"Not every girl is lucky enough to get immortalized in song as the ultimate junkie loser."
It, as you might have gathered, is not a love ballad:
Jane says, "I'm done with Sergio
He treats me like a ragdoll"
She hides the television
Says, "I don't owe him nothing,
But if he comes back again
Tell him to wait right here for me
Or just try again tomorrow
I'm gonna kick tomorrow."
Poor Jane has to wear a wig due to hair loss, barely eats, constantly talks about saving money for a trip to Spain but never does, and is generally an absolute mess of a human. Jack Daniel's took that life and used it to hawk an addictive product that could easily mess up other people's lives. But hey, dig that funky steel drum!
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Tales of hopelessness and total despair you can shake your tail feather to.
Naturally, Jack Daniel's played dumb, as companies are wont to do. Their official stance: "We weren't aware that this song allegedly deals with drugs." Why, were the lyrics translated into Urdu on their copy? Did they think "I'm gonna kick tomorrow" meant Jane wanted to play soccer in the morning? For fuck's sake, the band's name is JANE'S ADDICTION. The song couldn't have been more obvious if they called it "Woman Doing Drugs."
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In 1995, Volkswagen wanted to market their new line of hatchbacks by presenting them as 4,000 pounds of freedom. Without their cars, the ad argued, humanity traps itself in a bubble of homebodied sterility, with 500 channels and Windows 95 sheltering us from the joy of zooming around the great outdoors.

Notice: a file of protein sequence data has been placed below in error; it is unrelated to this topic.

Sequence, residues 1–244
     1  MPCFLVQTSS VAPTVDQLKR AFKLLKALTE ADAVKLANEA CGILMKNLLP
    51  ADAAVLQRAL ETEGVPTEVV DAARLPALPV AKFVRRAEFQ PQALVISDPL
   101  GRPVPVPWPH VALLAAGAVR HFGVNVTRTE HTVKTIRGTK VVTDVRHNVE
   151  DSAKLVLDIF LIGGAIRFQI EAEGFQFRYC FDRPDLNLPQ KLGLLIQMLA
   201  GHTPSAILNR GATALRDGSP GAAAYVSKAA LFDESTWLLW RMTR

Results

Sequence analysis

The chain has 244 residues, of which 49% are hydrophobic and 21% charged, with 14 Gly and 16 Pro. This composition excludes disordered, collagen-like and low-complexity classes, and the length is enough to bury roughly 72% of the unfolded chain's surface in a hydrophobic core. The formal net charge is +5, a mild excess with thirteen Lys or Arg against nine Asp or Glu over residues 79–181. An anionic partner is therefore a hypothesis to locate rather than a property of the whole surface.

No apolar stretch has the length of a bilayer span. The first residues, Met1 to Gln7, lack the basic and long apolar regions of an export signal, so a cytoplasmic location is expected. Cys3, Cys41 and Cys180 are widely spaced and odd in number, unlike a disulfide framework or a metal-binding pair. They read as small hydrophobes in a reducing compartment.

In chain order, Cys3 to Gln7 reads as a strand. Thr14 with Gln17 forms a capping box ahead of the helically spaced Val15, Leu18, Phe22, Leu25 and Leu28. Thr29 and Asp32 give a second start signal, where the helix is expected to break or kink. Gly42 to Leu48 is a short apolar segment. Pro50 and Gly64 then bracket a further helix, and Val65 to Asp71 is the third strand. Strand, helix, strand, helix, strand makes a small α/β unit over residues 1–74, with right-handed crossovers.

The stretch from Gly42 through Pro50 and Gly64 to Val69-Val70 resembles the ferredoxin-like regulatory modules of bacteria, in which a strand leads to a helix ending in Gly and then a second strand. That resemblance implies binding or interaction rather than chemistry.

Sure enough, the whole thing plays over a rockin' song about freedom (presumably, since all we hear is the singer shouting the word "free" several times). What the hell could be offensive about freedom?
The song you hear is "Roman P" by the band Psychic TV, featuring the catchy-as-fuck chorus of "Are you free? Are you really free? Are you really, really, really, really free?"
Just one problem: "Roman P" is Roman Polanski, the song being about the famous filmmaker and how he infamously raped a child and got away with it. He's certainly really, really, really, really free, but only because he fled to France in the '70s and has hid from justice ever since. "And you, too, can flee from justice ... in a Volkswagen!"
As long as it isn't the one these kids are in.
The song isn't exactly a scathing attack, either. In fact, one verse all but praises his extremely questionable life choices:
Life of money, life of sex
Life of money, life of hex
Little girls drinking and eating of cake
Little girls gorge you, your greatest mistake
Damn those little girls and their sexy-ass gorging! As if this wasn't bad enough, the song then pays "tribute" to Sharon Tate, Polanski's ex-wife who died horribly at the hands of the Manson Family:
Sharon walks alone as your wife
Sharon gives her life for a knife
Sharon floating high up above
Sighing, crying, dying below
Clearly, nothing says "break free from the mundane and embrace life" like child rape and ritualistic murder.